It’s their origin story, but it’s also Paul’s, and he admits to Esther several years into their relationship the degree to which it made him. First love is always critical, especially in the movies, but few are the scenarists like Desplechin who plumb it deeply enough to truly turn over all the minute pleasures and pains to find how thoroughly they shape a person. During this chapter a narrator (Desplechin himself) fills in gaps in explication, so that Paul is no longer in charge of directing his own tale. Who in the throes of first love really is?
Paul and Esther love and fight, and fight and love some more. The Berlin Wall comes down. They listen to the English Beat and chain-smoke while preparing for a party at Paul’s house. They send each other letters, which are relayed via a Desplechin trademark: direct to camera. She stays with him in Paris for a brief spell and they get a glimpse of what their adult life together might be like—Esther putting a cool towel over Paul’s tired eyes, reading, sleeping and waking together in Paul’s cramped garret overlooking the Eiffel Tower. These days, for Paul, though fraught, are truly golden. As his studies come to an end, Desplechin quickens the narrative pace: Paul gets a grant to work in Dushanbe, distance temporarily ends his relationship to Esther. When he finally returns to Paris, closing the present-day loop begun at the film’s outset, he reconnects with an old friend and they fight over Esther in a bar. Some things we never leave behind.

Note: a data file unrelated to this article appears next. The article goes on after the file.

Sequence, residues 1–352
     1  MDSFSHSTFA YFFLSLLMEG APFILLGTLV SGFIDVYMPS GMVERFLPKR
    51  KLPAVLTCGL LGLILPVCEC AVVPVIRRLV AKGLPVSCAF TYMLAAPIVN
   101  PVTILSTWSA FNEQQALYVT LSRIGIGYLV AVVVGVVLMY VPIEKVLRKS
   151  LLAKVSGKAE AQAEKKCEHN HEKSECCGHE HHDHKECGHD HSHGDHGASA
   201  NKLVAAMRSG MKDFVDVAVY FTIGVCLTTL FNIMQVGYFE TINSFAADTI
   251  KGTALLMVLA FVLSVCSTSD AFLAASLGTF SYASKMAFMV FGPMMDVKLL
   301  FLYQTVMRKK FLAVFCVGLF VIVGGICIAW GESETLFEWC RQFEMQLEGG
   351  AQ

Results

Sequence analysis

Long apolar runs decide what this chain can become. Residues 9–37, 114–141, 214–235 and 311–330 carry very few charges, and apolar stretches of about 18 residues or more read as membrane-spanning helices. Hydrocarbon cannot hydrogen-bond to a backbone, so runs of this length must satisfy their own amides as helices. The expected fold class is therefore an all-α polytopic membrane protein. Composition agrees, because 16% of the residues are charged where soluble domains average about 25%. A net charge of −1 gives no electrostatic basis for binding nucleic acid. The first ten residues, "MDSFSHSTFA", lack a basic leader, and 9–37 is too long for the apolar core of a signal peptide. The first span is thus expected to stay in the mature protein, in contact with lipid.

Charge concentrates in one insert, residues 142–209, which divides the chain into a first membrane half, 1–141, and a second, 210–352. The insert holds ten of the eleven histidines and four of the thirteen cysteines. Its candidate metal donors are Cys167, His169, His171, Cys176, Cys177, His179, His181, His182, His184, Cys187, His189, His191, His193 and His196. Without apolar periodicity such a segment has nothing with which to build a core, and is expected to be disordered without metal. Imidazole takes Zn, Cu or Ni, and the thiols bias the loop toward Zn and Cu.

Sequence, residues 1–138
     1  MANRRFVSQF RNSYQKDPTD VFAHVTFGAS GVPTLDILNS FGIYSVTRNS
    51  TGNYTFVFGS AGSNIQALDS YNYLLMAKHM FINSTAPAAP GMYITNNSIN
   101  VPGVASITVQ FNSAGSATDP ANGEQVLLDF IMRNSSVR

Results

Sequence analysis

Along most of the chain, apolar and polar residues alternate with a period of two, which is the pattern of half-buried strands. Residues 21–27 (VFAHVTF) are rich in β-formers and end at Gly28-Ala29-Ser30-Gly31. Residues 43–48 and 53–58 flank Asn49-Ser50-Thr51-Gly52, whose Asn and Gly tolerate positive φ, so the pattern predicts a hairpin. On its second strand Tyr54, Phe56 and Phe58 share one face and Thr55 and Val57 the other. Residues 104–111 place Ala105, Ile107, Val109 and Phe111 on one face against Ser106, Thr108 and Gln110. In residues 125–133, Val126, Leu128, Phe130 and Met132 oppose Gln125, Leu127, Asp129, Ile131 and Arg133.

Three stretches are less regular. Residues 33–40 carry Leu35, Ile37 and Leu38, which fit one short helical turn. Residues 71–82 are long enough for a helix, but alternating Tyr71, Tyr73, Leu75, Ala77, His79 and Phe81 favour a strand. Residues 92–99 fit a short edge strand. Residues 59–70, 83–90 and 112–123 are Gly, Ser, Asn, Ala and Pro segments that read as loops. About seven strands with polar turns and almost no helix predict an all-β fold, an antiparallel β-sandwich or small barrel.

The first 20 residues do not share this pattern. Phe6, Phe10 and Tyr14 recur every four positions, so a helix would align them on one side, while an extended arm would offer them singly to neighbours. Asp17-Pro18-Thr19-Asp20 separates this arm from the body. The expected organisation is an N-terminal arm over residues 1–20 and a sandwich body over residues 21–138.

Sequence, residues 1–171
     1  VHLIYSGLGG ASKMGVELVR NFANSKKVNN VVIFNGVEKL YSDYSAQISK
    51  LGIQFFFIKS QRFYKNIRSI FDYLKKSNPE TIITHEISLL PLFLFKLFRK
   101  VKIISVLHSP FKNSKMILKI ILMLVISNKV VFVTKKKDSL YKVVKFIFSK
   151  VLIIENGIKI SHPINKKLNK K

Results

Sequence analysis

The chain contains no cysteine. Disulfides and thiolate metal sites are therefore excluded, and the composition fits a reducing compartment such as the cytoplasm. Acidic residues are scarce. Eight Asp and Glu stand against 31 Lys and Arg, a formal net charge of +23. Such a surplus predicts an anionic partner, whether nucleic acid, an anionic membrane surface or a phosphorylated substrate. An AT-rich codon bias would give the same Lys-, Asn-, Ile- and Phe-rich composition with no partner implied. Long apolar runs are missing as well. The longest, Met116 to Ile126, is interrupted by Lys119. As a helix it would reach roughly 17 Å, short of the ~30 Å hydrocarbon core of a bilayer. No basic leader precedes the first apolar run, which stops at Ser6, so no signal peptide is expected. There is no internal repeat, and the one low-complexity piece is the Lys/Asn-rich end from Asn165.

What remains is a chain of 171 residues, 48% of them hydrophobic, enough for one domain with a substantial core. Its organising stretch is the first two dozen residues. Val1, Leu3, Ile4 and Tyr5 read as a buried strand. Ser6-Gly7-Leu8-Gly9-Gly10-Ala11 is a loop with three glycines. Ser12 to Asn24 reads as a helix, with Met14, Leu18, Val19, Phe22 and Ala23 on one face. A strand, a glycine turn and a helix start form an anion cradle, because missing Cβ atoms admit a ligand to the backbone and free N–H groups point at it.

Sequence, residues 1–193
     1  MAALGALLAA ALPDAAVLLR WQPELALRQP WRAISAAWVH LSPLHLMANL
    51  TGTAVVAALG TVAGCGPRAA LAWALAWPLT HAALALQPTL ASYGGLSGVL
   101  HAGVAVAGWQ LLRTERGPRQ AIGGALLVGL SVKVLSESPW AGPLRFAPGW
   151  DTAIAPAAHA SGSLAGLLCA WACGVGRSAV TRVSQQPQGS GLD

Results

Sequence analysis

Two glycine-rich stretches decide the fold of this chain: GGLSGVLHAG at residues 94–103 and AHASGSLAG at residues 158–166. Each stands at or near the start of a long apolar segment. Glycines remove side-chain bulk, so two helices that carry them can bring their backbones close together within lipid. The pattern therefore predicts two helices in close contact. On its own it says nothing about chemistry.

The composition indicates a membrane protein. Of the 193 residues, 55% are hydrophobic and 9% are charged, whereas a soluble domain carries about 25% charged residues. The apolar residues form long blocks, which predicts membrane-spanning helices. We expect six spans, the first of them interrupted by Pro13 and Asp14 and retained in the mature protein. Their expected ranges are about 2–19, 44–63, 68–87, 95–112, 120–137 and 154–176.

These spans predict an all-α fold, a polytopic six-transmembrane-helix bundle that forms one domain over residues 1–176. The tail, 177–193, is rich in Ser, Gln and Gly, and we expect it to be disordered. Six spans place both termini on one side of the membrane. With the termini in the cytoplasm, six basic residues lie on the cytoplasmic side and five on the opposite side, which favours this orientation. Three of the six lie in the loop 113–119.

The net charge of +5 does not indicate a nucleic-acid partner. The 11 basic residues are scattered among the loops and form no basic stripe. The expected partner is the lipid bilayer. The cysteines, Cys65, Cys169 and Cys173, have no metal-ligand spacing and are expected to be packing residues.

Even though like the director’s last film, Jimmy P., My Golden Days finds Desplechin tempering his penchant for wild tonal shifts, he’s still not above the regular deployment of iris-ins, unexpected insert shots, split screens, and clashing music cues. My Golden Days may not feel as dangerous as, say, Kings and Queen (2005), but the oddly lumpy structure, with its awkward dodges and narrative feints, shows a filmmaker who can’t hem himself in entirely. This leaves My Golden Days feeling like a grab bag of ideas and material, so, in other words, a film by Arnaud Desplechin. Though its purpose is to chart the initial years of Paul’s love for Esther—for a tale of young Paul Dédalus, how could it not?—Desplechin, a storyteller always working to make sure he over-delivers for his audience, can’t allow himself to jump right to the heart of things. He’s got other stories to share, too! As in his art, so it is in most lives: we dance and dance and dance around the things in our pasts that are painful to recall and admit. Eventually, if we’re lucky, we, like Paul, recognize what it is that matters most.